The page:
7 Tracking Technologies for Supply Chain Transparency
Table of contents
Table of contents
On our first road trip to San Francisco we headed straight to Haight-Ashbury, the birthplace of 1960s counterculture and one of the most iconic landmarks in the city. We were hoping to score some LSD, and within about five minutes of arriving at the famed intersection we bought a sheet of acid from the first hippy we could find. And, just in case, we also scored psychedelics from a Rastafarian dude a couple of blocks away. Tabs on tongue, we went to explore the Bay Area. An hour passed, then two. Nothing. We tried the second batch with a similar lack of results. Bunk. We had been fooled and schooled in the art of fraud and counterfeiting.
Cost of Counterfeit, Fraud, and Economic Adulteration
Of course, it’s not just illicit drugs where criminals are ripping off people. A report a couple of years ago pegged the cost of counterfeit goods to the U.S. economy between $29 billion and $41 billion. Add maybe another $40 billion for food fraud. Globally, fake goods are estimated to be a half-billion-dollar industry. So there’s some pretty good economic incentive for companies to fraud-proof their supply chains. Many are turning to embedding new types of technology – from DNA to diamonds – into their products to ensure identity and to track items from seed to shelf to improve supply chain transparency.
Nanotechnology to Prevent Fraud
Some years ago we covered a Canadian company called Nanotech Security Corporation (NTS), which uses “nano-optic visual authentication technology” based on the light properties of a Blue Morpho butterfly’s wings in an ingenious bit of biomimicry. The process reportedly involves drilling hundreds of nano-holes into different materials with electron and ion beam technology to produce anti-counterfeiting images that Nanotech says are better than holograms or fake sheets of LSD. Its products are used in both currency and product brands.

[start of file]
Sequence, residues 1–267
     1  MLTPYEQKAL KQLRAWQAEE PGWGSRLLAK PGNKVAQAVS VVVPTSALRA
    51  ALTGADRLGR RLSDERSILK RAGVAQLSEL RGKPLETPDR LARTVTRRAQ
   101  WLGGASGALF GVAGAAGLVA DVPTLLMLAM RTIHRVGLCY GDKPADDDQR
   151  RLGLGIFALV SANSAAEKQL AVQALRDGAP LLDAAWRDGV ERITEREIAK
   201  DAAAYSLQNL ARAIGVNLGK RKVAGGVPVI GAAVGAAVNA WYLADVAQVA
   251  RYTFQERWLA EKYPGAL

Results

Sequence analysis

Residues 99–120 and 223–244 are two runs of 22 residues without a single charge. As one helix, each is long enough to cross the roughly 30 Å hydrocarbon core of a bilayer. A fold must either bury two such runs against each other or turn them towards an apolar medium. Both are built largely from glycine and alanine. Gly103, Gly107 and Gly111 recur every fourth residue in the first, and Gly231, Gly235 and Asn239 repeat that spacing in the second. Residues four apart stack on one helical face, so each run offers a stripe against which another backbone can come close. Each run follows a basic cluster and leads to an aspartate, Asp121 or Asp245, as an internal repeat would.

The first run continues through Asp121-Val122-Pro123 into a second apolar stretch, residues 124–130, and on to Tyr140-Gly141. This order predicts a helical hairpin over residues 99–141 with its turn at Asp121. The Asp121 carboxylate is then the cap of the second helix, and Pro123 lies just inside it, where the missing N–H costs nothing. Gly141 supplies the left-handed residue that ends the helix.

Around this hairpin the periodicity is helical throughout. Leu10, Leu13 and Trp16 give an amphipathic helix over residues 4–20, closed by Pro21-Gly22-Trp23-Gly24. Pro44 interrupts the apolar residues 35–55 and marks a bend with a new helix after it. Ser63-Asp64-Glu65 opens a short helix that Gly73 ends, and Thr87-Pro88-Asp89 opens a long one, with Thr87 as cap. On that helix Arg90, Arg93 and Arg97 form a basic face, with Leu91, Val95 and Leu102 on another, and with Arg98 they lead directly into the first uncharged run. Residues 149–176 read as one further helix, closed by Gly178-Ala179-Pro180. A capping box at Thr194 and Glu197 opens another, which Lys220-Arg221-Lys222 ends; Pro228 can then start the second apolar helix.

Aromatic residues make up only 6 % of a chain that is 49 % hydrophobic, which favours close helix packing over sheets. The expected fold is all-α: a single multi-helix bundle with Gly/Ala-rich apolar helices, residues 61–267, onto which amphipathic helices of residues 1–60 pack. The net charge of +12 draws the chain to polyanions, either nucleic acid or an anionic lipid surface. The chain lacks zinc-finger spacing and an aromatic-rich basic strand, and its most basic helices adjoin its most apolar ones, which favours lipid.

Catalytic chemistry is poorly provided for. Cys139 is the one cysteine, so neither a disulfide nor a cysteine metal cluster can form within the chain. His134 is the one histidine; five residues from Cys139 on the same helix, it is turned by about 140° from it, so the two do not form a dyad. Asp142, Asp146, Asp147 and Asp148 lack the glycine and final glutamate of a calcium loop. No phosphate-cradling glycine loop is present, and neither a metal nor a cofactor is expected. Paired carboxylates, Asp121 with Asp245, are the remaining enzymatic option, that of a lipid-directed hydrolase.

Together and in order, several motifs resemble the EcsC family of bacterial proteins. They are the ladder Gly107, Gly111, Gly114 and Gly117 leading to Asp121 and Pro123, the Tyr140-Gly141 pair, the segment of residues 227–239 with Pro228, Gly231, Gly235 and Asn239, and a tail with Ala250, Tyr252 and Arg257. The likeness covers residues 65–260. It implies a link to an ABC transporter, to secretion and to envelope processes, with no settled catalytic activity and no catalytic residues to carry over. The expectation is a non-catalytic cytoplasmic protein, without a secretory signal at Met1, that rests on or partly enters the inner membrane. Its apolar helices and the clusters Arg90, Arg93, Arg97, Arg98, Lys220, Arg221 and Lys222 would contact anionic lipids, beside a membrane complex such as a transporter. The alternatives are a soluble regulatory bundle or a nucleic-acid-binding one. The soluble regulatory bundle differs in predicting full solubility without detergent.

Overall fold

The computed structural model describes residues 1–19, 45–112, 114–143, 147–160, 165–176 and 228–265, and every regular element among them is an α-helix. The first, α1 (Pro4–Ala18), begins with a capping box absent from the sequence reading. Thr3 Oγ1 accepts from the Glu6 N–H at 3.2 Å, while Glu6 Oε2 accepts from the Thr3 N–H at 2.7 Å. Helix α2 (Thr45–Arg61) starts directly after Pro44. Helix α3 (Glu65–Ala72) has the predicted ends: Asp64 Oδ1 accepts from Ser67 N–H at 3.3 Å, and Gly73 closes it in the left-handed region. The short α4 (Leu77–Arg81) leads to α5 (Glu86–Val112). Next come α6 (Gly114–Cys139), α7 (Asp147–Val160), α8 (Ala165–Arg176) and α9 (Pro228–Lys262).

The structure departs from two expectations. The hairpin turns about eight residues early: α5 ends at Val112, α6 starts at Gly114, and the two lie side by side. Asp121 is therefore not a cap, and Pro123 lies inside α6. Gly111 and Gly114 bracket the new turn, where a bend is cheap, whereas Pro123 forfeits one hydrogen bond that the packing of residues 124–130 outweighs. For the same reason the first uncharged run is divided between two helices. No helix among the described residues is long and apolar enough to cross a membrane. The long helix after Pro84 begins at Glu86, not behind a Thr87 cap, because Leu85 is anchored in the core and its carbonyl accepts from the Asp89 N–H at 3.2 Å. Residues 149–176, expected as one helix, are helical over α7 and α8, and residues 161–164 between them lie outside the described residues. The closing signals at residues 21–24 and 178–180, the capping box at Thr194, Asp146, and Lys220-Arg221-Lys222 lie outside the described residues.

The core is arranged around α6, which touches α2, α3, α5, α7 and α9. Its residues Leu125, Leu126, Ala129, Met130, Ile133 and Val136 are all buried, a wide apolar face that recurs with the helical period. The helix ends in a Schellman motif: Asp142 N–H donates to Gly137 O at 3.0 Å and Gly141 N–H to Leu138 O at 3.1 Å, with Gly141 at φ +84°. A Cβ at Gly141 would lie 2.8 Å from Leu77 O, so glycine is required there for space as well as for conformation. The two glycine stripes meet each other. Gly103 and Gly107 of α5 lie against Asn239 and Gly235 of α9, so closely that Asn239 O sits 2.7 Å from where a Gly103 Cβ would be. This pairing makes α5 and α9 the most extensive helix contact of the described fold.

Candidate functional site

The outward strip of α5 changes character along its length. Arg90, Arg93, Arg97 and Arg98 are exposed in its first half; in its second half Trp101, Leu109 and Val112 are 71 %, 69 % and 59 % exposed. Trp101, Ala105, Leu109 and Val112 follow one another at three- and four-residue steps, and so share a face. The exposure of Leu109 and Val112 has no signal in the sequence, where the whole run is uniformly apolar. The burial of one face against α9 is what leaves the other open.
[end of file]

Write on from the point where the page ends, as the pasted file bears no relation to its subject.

While it sounds cool and potentially profitable, Nanotech reported revenue of only $6.4 million for its most recent fiscal year, representing a -22% decrease from the year before. Its market cap is about half of where it was in 2015 when we first profiled Nanotech. So enough about them. Let’s talk about some of the latest technologies being used to fingerprint products against fraudsters, starting with a different type of nano-based technology.
Diamonds are for Supply Chain Transparency
Diamonds are the hardest substance on Earth, and now Boston-based DUST Identity is betting industrial diamond waste will make it even harder to tamper with supply chains. Founded in 2018, the MIT spinout has already raised $12.3 million, including a $10 million Series A in July, less than a year after its $2.3 million Seed round. Both rounds were led by top VC firm Kleiner Perkins, with both Airbus (AIR) and Lockheed Martin (LMT) joining the latest round. The company has also been involved in several DARPA programs. The company’s authentication technology is called Diamond Unclonable Security Tag (DUST), which involves applying a coating of nano-sized diamonds using polymer-based epoxy on a product. DUST can then be tied to a digital identity in the cloud. An optical scanner reads the unique, fixed pattern of diamond dust, enabling complete transparency throughout the supply chain. Obviously companies like Lockheed and Airbus are interested in better supply chain security for their aerospace businesses, among other uses cases. The solution will be integrated with blockchain.
Computer Vision for Supply Chain Security
A lot of computer vision technology today seems geared toward dystopian applications for facial recognition or identifying cute cat pictures. Bellevue, Washington-based Alitheon has come up with a very different use of the technology, and has raised $20 million to develop its FeaturePrint product since it was founded in 2015. Based on the concept that each person has a unique fingerprint, every physical object also has unique surface characteristics that distinguish it from all other items. Alitheon uses computer vision and deep learning to register a digital identity in a cloud-based database, based on thousands of unique surface marks:
The identity of the registered item can then be confirmed with something as simple as a smartphone. In one reported experiment, Alitheon washed $100 bills in bleach but its computer vision system was still able to single out each bill by recognizing unique features on the fiber.
DNA for Tagging and Tracking Stuff